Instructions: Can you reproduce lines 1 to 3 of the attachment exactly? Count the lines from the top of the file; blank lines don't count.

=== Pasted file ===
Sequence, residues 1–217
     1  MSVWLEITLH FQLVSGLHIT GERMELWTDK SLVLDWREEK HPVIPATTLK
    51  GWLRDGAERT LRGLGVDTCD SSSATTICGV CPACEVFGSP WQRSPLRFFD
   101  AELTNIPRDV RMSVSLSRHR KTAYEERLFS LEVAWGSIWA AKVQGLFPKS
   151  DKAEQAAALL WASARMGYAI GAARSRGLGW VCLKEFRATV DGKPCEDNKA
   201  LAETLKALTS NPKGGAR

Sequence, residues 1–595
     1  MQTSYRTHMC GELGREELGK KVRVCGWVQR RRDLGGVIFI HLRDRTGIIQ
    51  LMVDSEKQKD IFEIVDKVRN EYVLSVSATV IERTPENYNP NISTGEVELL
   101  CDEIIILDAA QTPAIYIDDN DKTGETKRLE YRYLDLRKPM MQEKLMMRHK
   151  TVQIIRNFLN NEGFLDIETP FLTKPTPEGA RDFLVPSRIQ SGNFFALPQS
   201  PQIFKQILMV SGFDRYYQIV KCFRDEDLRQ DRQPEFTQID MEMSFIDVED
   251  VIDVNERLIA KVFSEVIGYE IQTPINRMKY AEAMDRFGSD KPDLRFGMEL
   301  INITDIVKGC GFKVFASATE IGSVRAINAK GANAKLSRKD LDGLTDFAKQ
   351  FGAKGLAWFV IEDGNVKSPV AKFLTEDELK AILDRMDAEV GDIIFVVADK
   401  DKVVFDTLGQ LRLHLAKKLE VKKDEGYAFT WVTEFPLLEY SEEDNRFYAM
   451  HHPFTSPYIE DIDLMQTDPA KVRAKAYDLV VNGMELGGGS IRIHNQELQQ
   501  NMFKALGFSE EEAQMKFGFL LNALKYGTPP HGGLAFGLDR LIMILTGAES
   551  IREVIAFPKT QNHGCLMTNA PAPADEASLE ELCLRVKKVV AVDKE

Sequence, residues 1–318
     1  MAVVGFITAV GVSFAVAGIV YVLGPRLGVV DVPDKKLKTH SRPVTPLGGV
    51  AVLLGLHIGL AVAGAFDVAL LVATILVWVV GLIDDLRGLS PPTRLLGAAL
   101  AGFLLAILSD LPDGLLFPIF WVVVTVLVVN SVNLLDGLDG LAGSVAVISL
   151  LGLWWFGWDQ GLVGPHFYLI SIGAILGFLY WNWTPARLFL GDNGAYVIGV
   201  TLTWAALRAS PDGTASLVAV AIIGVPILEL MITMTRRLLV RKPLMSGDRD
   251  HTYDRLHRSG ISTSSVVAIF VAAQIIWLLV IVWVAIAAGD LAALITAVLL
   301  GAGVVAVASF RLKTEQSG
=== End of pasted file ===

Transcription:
Sequence, residues 1–217
     1  MSVWLEITLH FQLVSGLHIT GERMELWTDK SLVLDWREEK HPVIPATTLK
    51  GWLRDGAERT LRGLGVDTCD SSSATTICGV CPACEVFGSP WQRSPLRFFD